Equine Vaccinations and health care

Maintaining a comprehensive vaccination regime is very important for any horse or pony’s well being, and in the U.K equines are protected against two important diseases using inoculations.

Equine Tetanus

As with all mammals, and in fact even more so than most, horses and ponies are highly susceptible to tetanus. This awful disease, caused by the toxins of the bacterium Clostridium tetani, causes paralysis of the major muscle groups resulting initially in stiff limbs and an inability to move. The affected animal also becomes unable to open its mouth, which is why tetanus has the old-fashioned title of ‘Lock Jaw.’ The bacterium is technically known as ubiquitous, which mean that it can be found almost everywhere, and especially within the soil. Horses and ponies contract tetanus through small cuts and abrasions, usually to the feet or lower limbs, which are often too small to even be noticed. Once contracted the disease is almost inevitably fatal, and even animals which may eventually survive often have to be euthanased on welfare grounds. For this reason, if for no other, tetanus vaccination is essential for every horse, pony and donkey. The tetanus vaccination regime is as follows:

  • Initial primary vaccination
  • Second primary vaccination 4-6 weeks after the first
  • First revaccination between 12-17 months after the second primary vaccination
  • Booster vaccinations at an interval of not more than 24 months (2 years) following the first revaccination, and then every two years after this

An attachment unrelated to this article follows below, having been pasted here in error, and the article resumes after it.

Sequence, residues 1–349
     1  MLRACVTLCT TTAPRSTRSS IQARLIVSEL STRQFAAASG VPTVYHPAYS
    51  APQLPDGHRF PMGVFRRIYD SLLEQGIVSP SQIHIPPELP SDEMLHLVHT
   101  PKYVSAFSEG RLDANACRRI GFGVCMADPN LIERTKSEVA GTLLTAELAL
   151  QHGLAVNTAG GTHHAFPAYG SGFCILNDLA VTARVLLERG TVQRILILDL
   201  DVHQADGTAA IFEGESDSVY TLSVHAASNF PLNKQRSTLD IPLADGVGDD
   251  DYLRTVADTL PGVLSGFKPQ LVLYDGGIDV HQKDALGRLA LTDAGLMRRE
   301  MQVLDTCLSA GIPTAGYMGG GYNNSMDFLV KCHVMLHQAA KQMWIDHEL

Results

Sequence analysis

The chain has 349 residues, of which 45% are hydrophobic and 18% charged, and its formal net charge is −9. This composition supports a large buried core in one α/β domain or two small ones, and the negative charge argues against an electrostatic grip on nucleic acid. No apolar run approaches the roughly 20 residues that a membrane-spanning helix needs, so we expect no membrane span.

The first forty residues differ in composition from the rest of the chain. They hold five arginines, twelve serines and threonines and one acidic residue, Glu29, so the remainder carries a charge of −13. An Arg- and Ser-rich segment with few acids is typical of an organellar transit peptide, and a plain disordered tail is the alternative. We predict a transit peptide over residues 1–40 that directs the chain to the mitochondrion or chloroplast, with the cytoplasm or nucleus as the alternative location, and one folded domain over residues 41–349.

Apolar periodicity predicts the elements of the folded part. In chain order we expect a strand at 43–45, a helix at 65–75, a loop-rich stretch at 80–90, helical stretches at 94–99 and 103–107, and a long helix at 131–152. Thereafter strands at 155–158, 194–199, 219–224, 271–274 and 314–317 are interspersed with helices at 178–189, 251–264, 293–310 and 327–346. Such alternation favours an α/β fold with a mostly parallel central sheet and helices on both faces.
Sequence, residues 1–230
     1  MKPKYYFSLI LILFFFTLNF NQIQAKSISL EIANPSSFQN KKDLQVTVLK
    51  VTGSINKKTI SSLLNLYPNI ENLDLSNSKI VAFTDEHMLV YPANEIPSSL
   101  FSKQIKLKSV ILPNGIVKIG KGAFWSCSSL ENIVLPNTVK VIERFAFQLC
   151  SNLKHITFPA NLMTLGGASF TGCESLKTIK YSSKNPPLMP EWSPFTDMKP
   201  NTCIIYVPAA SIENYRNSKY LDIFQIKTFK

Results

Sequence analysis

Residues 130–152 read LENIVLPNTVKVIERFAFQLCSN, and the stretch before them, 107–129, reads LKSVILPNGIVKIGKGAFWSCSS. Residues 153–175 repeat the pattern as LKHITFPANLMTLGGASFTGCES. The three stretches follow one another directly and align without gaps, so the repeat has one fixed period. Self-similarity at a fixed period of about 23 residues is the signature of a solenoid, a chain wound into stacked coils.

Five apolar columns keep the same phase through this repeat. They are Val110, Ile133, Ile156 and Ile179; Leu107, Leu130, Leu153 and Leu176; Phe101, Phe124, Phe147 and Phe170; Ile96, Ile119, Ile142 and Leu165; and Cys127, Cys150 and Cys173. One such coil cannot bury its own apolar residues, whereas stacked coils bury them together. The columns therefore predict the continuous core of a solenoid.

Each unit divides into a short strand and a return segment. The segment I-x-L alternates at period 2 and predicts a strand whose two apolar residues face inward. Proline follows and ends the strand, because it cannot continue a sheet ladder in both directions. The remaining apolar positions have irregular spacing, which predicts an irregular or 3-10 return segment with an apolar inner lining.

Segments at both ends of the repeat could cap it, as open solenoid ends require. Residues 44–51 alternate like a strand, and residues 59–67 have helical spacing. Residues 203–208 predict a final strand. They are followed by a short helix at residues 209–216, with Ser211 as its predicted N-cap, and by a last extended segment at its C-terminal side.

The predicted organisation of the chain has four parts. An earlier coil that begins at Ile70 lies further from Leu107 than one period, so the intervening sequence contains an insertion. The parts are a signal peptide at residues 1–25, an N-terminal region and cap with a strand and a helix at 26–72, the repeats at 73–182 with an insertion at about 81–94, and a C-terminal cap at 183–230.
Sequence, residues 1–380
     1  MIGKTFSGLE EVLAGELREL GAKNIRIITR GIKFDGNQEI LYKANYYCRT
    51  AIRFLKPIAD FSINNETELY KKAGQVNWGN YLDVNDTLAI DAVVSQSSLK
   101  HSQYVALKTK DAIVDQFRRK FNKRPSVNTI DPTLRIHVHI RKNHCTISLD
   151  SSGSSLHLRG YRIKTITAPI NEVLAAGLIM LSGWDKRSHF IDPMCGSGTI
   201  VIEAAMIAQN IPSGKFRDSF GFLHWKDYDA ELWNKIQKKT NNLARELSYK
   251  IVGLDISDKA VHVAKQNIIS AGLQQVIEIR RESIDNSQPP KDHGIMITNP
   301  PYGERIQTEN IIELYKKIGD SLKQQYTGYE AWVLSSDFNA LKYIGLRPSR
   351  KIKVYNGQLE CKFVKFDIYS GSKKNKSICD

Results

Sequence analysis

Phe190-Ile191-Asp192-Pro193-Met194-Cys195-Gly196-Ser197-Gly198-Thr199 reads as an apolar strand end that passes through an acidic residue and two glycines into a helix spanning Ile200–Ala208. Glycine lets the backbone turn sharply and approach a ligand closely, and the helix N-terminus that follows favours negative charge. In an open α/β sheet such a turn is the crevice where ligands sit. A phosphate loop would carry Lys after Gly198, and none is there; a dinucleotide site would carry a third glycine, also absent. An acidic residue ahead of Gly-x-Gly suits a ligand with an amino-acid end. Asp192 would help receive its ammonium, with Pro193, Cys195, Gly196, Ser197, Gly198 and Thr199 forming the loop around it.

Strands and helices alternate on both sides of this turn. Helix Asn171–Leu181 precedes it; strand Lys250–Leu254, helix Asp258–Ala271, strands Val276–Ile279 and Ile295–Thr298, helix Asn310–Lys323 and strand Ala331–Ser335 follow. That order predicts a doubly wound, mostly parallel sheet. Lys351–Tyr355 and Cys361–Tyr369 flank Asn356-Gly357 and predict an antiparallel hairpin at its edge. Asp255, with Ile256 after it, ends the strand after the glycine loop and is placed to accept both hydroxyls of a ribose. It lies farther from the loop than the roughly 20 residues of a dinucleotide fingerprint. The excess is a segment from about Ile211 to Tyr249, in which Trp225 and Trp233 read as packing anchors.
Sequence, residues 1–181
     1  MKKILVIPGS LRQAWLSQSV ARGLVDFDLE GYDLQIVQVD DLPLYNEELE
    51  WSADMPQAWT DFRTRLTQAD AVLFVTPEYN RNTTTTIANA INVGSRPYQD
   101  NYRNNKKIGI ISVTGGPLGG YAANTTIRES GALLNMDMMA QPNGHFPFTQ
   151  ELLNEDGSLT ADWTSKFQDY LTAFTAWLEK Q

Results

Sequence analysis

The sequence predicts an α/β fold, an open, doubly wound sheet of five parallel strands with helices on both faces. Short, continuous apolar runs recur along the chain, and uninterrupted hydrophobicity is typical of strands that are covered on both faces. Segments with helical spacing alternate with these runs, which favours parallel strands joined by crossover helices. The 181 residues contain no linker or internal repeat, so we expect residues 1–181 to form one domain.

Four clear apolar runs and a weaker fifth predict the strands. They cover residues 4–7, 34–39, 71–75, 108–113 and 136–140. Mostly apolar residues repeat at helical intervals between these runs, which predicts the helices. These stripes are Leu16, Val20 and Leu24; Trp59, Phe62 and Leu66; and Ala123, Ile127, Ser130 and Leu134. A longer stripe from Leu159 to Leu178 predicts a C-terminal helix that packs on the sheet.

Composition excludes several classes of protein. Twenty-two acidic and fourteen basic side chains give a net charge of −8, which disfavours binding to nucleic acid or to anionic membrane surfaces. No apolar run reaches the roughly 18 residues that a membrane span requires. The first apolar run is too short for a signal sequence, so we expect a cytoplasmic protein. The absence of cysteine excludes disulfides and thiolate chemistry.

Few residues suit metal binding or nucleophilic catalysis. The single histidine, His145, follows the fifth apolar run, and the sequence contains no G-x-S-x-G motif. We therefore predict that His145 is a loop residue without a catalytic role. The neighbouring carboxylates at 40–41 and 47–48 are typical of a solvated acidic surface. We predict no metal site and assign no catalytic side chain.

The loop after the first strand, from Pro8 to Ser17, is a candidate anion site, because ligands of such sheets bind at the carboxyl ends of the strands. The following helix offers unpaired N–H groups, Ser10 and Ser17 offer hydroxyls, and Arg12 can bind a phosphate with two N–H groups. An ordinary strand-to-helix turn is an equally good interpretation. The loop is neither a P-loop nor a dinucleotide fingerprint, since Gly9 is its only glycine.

Equine Influenza

Equine influenza vaccination is especially important in competing horses and ponies, as well as those stabled on livery yards or establishments with a high turn over of animals. Unlike tetanus, equine influenza, or ‘Flu,’ is rarely fatal, though it does make the affected animal very unwell, often rendering them unusable for several weeks or months. The main signs of equine influenza include a loss of appetite, severe cough, nasal discharge, very high temperature and weight loss; and unvaccinated horses often suffer terribly once the disease is contracted. In addition to this an increasing number of shows and events are now stipulating that attending animals are vaccinated against influenza, and will eject any animals found not to be. The influenza vaccination regime, which can be combined with the tetanus vaccination program, is as follows:

  • Initial primary vaccination
  • Second primary vaccination 21-92 days after the first
  • First booster vaccination 150-215 days after the second
  • Yearly booster vaccinations at an interval of not more than 12 months following the first booster.

*** Please note that the FEI rules for vaccination differ from those of the vaccine manufacturer’s. Any horses competing under FEI rules must have their first booster vaccination not more than six months and twenty one days after the second vaccination of the primary course. They must also be vaccinated within six months and twenty one days of any competition, but not within seven days of the competition.***

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